A week after ordering a building full of tenants evacuated with seven days' notice — by 5 p.m. Friday — Common Pleas Court Judge Lyris Younge apologized to the tenants, gave them a 30-day reprieve, and ordered the landlord to install a slew of fire-safety measures, return their deposits and last month's rent, and kick in $300 apiece for moving costs.

Younge said she made the original Sept. 27 order out of concern for the residents' safety due to numerous fire-code violations — even though the Department of Licenses and Inspections, which had been in court with the landlord for a year and a half, did not come to the hearing seeking to vacate the North Philadelphia building at 13th and Cumberland Streets.

"What the court failed to do was to give additional consideration that the tenants are really the injured party, and for that, I apologize," she said.

Younge is new to her position in the Philadelphia court's Civil Division, where she was shifted after her handling of cases in Family Court drew numerous appellate reversals, a reported ethics probe from the Judicial Conduct Board, and protests from parents whose children were removed.

After panicked tenants pleaded for help, Community Legal Services of Philadelphia sought an eleventh-hour injunction.

James Scarborough (left) and Jason Chandler sold their possessions in a hurry after an order to vacate their apartment within a week.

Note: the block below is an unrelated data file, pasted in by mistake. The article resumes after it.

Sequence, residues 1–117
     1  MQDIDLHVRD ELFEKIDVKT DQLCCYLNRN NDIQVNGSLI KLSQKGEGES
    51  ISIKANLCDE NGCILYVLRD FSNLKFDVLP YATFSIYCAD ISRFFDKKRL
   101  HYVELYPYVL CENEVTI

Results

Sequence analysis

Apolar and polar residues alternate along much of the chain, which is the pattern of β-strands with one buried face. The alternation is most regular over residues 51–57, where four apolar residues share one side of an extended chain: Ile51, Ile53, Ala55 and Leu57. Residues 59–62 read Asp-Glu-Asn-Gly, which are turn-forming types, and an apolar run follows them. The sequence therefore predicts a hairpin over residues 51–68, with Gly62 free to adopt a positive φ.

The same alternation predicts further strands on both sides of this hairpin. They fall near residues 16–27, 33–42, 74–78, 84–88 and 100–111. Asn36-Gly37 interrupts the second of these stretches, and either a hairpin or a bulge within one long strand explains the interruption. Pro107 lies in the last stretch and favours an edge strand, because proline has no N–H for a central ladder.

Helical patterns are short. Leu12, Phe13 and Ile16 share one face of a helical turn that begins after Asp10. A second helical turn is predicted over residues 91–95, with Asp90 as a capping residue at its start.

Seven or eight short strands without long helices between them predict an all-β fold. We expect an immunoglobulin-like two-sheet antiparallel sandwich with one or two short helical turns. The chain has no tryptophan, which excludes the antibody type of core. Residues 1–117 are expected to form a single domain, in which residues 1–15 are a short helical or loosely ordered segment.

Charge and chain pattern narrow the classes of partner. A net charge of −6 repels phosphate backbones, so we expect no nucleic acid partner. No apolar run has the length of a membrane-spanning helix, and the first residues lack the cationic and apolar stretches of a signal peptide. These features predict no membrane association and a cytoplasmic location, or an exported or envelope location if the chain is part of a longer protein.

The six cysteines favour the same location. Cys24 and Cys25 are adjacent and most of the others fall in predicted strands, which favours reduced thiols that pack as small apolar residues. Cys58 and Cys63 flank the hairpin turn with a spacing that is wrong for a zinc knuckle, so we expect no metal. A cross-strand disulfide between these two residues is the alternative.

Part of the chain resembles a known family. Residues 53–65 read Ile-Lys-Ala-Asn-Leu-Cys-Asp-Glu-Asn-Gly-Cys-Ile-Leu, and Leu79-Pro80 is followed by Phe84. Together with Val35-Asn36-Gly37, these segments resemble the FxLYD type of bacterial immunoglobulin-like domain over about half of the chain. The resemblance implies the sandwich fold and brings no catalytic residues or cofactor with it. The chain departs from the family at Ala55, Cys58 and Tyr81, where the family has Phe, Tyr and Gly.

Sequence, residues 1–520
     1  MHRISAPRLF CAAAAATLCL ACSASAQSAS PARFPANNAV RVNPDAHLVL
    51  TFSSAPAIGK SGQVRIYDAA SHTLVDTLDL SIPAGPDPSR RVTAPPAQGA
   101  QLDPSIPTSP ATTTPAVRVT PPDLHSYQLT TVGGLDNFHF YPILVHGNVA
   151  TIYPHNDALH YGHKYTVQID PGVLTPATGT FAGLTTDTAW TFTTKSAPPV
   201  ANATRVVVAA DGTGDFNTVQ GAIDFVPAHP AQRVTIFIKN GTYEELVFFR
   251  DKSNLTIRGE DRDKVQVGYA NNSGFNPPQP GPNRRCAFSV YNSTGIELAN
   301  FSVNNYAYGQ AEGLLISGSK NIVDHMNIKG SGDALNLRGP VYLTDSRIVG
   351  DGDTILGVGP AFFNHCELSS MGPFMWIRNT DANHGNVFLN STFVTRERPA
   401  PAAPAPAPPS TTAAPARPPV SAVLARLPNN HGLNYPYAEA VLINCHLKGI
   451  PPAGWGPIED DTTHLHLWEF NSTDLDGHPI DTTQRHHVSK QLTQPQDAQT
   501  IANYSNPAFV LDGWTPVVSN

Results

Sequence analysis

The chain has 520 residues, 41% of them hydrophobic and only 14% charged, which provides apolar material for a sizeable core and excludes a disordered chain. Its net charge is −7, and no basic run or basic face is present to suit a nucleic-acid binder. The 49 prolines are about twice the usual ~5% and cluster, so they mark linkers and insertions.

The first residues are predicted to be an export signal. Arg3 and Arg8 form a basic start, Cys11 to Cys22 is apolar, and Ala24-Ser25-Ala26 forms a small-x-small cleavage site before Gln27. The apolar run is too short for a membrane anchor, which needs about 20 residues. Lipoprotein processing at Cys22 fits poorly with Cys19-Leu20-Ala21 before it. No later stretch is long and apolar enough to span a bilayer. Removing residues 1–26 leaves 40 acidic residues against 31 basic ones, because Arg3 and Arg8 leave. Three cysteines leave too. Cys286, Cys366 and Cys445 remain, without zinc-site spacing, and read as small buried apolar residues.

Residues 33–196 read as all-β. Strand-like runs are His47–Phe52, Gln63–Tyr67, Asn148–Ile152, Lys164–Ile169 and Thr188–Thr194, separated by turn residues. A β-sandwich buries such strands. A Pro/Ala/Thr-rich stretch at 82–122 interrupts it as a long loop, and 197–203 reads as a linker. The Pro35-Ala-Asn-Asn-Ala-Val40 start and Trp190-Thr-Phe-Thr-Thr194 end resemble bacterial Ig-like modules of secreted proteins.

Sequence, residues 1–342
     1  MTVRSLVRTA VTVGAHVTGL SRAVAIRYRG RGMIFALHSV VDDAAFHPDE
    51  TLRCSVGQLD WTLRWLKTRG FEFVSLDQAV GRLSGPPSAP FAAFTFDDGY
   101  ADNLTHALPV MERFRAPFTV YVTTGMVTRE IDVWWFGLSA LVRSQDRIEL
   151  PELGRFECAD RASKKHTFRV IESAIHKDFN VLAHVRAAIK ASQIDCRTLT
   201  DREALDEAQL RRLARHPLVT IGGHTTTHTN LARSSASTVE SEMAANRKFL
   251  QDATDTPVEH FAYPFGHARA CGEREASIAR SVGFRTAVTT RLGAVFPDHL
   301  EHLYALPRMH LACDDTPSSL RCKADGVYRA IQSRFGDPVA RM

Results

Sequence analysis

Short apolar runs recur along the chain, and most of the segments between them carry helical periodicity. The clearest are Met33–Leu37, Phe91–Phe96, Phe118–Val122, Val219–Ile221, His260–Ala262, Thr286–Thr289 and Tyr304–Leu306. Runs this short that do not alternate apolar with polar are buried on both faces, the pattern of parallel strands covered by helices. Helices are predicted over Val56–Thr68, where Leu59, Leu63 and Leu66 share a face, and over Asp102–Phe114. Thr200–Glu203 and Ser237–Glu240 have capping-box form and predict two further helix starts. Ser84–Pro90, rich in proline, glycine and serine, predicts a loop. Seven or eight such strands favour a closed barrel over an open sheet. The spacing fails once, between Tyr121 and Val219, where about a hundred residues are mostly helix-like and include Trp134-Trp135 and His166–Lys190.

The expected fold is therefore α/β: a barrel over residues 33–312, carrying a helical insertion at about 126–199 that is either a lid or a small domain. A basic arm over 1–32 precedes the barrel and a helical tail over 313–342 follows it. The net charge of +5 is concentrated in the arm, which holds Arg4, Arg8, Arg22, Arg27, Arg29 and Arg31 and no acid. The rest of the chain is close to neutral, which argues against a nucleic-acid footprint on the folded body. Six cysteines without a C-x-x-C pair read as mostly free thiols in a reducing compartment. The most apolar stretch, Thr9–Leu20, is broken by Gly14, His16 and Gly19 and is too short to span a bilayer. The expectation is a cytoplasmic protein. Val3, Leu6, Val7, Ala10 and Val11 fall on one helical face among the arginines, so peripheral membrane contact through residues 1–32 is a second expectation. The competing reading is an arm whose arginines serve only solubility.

ELIZABETH ROBERTSON / Staff Photographer
James Scarborough (left) and Jason Chandler sold their possessions in a hurry after an order to vacate their apartment within a week.

The building is owned by a holding company, Cumberland Equities, that converted it without any permits from industrial use into 16 or 17 apartments. Ari Miller, who was described in the courtroom as the principal member of that company, did not appear in court or respond to messages.

Fines accrued on the building total $2.8 million. Younge threatened Miller in absentia with an additional $200,000 fine and a civil contempt ruling if he did not comply with her additional orders.

James Scarborough and Jason Chandler, two tenants who are planning to stay with family in Texas while they regroup, said it was a meaningful victory, but a modest one.

"We just sold all our belongings. This will give us gas money to get to Texas at least," Scarborough said — if Miller honors the order and returns his deposit. "The harm is done, but at least we don't got to walk out the door at 5 p.m. today."